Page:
"Useless" hybrid rules shows F1 needs better green push - Vettel

Sebastian Vettel has warned that Formula 1's planned green push over the next few years does not go far enough, as he labelled the current hybrid rules "useless".

The four-time world champion, who is actively engaged in environmental and sustainability issues, thinks F1's current roadmap for greener engines and sustainable fuels is not as aggressive as it should be.

He thinks there is a danger of it leaving grand prix racing stuck behind where the fast-changing world is moving to, and that could put pressure on the very future of the sport.

Speaking to selected media, including Motorsport.com Italy, in a wide-ranging interview, Vettel said that F1's bosses needed to wake up and realise that much more had to be done than what was being planned right now.

Pushed on whether there was a conflict between his environmental thoughts and being an F1 driver, Vettel said: "Sure, and I think it's valid because Formula 1 is not green.

"I think we live in a time where we have innovations and possibilities to arguably make Formula 1 green as well, and not lose any of the spectacle, of the excitement, of the speed, of the challenge, of the passion.

"If anything, we have so many clever people and engineering power here, we could come up with solutions. But the current regulations, I think they're very exciting, the engine is super efficient, but it's useless.

"It's not going to be an engine formula that you will buy on the road in two years when you decide to buy a new car, for example.

"Therefore, you can argue, what is the relevance? I think there are certain things that people are talking about for the future of the sport in terms of regulations, that could shift the change and shift into more relevant changes.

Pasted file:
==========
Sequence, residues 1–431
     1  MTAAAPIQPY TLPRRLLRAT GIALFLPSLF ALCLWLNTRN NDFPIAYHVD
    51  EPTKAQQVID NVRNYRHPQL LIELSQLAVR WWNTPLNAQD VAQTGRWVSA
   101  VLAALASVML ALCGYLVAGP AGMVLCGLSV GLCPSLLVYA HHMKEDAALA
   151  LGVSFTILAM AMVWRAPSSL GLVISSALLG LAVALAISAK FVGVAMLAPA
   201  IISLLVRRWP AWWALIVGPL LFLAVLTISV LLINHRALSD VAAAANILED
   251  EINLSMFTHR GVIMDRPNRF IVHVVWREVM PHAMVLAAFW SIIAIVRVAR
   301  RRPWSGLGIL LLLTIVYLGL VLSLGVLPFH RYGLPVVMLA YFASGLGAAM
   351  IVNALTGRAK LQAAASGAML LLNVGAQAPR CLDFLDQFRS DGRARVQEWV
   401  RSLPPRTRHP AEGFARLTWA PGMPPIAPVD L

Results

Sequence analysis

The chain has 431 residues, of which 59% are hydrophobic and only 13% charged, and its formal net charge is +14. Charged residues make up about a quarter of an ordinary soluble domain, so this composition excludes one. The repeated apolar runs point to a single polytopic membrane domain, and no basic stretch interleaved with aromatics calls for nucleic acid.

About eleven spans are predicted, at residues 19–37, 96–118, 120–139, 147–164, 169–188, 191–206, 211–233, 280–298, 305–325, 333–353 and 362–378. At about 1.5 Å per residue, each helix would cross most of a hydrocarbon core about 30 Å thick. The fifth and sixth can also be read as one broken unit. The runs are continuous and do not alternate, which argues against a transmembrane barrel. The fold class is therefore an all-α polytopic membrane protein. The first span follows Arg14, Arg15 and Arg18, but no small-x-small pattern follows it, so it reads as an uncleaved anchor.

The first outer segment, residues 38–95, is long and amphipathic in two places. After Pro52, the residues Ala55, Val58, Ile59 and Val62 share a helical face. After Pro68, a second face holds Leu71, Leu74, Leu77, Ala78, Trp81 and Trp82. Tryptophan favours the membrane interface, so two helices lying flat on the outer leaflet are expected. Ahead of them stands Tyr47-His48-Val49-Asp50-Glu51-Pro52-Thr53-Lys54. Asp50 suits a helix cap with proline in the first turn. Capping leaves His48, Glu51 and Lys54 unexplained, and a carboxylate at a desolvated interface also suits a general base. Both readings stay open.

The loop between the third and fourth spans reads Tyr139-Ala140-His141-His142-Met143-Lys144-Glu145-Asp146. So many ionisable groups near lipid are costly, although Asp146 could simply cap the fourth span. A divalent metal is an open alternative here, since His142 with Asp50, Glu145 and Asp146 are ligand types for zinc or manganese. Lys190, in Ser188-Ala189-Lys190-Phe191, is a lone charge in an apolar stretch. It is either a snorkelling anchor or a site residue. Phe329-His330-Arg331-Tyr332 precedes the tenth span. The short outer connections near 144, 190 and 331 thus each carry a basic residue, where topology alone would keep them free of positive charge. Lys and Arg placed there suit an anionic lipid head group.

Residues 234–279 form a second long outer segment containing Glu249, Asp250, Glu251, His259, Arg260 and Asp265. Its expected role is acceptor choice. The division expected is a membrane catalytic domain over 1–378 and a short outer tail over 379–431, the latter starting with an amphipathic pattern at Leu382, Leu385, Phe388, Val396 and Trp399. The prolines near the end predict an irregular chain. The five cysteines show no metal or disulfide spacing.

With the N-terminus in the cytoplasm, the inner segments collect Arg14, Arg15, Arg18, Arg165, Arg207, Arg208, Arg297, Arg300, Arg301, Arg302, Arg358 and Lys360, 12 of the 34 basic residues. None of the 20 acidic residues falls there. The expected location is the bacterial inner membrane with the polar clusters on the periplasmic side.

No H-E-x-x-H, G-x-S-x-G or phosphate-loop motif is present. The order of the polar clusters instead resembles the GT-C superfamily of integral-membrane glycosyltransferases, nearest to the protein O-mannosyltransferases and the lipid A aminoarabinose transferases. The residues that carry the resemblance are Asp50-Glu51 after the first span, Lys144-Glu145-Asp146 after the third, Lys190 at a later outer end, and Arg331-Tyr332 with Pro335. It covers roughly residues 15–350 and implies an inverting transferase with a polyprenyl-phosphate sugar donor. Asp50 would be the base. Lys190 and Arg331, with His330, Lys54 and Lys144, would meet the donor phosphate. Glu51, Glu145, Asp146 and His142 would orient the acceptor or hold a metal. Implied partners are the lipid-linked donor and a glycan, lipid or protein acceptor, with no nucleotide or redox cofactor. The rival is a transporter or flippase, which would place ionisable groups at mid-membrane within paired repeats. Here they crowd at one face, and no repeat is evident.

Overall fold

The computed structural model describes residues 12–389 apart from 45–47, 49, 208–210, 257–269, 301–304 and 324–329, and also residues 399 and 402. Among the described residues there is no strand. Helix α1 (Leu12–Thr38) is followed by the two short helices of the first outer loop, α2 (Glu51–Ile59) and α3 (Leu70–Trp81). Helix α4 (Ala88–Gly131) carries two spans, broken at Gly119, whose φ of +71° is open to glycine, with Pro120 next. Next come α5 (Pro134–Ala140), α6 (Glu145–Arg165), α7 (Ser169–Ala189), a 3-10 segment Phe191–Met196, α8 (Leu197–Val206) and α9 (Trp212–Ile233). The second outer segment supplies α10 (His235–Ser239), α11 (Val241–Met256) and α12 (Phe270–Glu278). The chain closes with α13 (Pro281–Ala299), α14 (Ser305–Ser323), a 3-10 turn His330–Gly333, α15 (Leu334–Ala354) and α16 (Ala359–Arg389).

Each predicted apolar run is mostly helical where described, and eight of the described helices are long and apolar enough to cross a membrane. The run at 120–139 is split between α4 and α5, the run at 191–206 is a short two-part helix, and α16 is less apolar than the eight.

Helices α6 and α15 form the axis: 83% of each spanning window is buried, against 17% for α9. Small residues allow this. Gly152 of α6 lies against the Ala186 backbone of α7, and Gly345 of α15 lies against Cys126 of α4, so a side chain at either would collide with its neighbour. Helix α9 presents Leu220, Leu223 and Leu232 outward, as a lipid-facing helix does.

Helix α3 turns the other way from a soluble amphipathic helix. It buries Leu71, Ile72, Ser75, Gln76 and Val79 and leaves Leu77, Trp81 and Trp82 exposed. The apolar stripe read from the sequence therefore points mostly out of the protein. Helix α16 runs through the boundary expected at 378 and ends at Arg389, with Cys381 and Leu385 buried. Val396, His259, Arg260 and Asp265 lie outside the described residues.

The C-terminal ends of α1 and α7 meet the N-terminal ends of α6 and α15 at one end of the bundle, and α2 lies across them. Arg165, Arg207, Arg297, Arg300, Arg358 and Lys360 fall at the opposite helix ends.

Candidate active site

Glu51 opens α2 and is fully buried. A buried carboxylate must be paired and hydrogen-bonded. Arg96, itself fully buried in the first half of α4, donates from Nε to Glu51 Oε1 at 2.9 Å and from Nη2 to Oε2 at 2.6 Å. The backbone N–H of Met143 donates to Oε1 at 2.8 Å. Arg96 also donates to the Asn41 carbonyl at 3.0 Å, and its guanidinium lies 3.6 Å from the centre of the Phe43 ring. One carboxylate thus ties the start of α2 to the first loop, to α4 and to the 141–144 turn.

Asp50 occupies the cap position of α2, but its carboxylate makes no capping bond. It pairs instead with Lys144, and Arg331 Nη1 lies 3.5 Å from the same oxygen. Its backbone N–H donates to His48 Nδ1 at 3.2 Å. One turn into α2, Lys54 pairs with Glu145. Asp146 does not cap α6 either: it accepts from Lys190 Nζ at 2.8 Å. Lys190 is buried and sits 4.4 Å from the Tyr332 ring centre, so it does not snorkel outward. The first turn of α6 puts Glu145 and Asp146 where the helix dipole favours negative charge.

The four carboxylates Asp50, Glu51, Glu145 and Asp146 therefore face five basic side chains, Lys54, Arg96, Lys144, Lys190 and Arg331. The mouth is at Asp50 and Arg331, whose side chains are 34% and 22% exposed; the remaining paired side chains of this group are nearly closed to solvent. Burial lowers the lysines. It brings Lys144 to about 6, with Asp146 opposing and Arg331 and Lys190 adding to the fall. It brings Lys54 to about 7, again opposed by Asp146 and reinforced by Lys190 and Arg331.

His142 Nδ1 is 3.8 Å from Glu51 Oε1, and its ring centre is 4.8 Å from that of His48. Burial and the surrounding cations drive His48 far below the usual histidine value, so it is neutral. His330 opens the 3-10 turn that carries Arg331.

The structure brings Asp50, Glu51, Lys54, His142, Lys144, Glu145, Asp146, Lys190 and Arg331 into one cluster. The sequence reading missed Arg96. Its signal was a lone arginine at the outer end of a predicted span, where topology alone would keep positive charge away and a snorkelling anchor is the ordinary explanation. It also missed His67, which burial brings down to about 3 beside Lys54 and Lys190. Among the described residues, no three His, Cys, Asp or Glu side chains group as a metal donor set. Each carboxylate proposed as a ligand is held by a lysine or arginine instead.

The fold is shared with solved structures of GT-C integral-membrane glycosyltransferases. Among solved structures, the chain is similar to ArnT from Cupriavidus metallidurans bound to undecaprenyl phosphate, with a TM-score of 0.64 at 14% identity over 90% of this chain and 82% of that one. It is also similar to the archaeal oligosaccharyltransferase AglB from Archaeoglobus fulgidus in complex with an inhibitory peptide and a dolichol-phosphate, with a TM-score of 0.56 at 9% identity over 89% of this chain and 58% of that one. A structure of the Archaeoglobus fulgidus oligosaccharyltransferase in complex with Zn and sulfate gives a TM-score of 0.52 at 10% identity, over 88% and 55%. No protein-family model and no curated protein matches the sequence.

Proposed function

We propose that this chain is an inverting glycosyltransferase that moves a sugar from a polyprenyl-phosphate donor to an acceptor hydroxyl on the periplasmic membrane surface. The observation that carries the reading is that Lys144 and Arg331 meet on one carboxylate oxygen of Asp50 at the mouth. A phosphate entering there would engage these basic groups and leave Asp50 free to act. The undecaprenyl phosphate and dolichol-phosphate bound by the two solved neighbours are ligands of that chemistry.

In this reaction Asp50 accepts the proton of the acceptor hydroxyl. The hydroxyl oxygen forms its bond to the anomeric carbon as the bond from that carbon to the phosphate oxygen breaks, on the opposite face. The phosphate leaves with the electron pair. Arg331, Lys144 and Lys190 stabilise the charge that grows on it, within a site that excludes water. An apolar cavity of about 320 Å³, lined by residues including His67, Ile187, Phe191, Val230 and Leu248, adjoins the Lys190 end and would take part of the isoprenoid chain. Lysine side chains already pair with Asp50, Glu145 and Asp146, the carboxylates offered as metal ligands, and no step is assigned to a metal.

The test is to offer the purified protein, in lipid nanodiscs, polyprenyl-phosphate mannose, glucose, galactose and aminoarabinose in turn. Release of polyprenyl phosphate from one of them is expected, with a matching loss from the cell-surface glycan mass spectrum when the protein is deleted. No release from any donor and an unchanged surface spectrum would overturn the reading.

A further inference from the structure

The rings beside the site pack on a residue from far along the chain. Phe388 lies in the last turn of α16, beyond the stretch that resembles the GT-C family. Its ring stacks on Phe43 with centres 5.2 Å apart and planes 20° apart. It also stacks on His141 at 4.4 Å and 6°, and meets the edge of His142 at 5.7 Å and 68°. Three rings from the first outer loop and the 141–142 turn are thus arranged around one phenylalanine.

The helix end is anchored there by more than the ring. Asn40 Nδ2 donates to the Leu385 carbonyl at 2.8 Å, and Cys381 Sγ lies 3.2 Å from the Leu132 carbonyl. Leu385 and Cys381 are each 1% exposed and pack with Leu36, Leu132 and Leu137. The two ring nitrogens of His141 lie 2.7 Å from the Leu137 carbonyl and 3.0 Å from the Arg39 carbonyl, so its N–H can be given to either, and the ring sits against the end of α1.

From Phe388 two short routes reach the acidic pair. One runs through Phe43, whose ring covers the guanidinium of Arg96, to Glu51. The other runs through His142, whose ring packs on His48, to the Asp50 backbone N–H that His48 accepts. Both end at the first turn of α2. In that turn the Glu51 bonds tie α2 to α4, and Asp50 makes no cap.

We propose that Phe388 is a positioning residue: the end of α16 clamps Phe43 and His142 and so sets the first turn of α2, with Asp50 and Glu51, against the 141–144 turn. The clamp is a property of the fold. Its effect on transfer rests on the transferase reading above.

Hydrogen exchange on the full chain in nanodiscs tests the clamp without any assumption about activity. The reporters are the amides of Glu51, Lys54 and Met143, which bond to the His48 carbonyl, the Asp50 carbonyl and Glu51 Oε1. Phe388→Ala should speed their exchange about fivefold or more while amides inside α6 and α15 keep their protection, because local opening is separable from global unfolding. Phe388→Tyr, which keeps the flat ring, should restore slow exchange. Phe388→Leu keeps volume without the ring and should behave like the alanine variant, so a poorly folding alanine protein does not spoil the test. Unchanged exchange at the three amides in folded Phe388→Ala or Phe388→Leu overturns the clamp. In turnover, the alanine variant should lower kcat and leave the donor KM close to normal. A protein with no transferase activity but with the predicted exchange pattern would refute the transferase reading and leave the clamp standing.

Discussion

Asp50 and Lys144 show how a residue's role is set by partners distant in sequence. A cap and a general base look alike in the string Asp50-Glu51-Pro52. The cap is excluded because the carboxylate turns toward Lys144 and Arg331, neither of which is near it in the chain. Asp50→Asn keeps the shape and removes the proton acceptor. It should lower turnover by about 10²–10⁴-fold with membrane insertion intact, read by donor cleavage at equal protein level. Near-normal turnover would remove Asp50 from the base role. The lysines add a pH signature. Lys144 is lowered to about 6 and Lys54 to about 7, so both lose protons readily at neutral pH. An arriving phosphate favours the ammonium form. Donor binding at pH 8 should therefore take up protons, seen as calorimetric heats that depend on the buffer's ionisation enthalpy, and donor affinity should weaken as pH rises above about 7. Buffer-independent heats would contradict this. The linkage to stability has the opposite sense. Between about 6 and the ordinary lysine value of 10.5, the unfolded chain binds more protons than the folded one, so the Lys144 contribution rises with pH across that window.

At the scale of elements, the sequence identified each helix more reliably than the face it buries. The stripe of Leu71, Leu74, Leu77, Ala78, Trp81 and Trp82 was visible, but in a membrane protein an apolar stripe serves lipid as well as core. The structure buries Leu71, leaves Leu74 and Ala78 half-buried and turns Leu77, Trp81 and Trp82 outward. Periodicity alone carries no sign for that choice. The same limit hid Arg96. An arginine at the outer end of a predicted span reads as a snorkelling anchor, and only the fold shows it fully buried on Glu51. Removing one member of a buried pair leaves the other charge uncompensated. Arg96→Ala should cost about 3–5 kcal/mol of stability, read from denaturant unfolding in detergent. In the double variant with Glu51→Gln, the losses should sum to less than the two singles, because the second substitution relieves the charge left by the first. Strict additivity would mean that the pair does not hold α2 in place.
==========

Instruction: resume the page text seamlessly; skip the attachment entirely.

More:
"And I feel if they come, that's a good thing for Formula 1, and it's also a vital thing.

"But if they don't come, I think I'm not so optimistic. If they don't come, I think that Formula 1 will disappear. And probably rightly so.

"We are at the stage where we know we've done mistakes, and we have no time to keep doing mistakes."

Proactive push

Sebastian Vettel, Aston Martin, on the grid

Sebastian Vettel, Aston Martin, on the grid

Photo by: Glenn Dunbar / Motorsport Images

F1 is currently locked in discussions with engine manufacturers about future engine regulations beyond 2025/2026, when it hopes to move to running fully sustainable fuels.

The plan is for F1 to run on a lab-created fuel from bio waste, but Vettel thinks that such a direction is wrong.

Instead, he suggests the sport should be leading the technological charge and fast-tracking synthetic fuels – rather than simply being happy to introduce E10 products that are already available on the petrol forecourt.

"I'm not a specialist exactly on all the fuels, but I will be more of a fan of synthetic fuels rather than biofuels," he said.

"With biofuels, you obviously need to source your carbon from somewhere and I think there might be some problems or some complications there.

"I think it's definitely right that Formula 1 pursues a way to find renewable fuels or a formula for synthetic fuels or usage for synthetic fuels in the future.

"But as it is now, we have an engine in place next year and we're going to have a content of only 10 percent of e-fuels in the car - which from a technology point of view is not a revolution.

"You can already buy that fuel in the pump for several years as a customer around the world. So it's not a novelty.

"I don't think it matches the sort of ambitions that Formula 1 has to be a technological leader. So we react, rather than being proactive and lead the way.

"For synthetic fuels I feel we have the same opportunity. But I am afraid we might react as well, rather than lead the way because the engines will be frozen by '22.

Sebastian Vettel, Aston Martin AMR21, runs wide

Sebastian Vettel, Aston Martin AMR21, runs wide

Photo by: Jerry Andre / Motorsport Images

"There is some talk that something might change before, but frozen until at least '25 probably more looking like 2026, so that means another five years of no progress.

"I think that will put our sport under huge pressure, because I feel in those five years there will be a lot of change hopefully applied around the world, and putting things under pressure that haven't applied any change."

Vettel thinks a better route for F1 would be for it to encourage its best engineering brains to create a more sustainable fuel that will help reduce the pollution pumped out by the more than one billion combustion engine-powered cars that will remain on the roads for decades to come.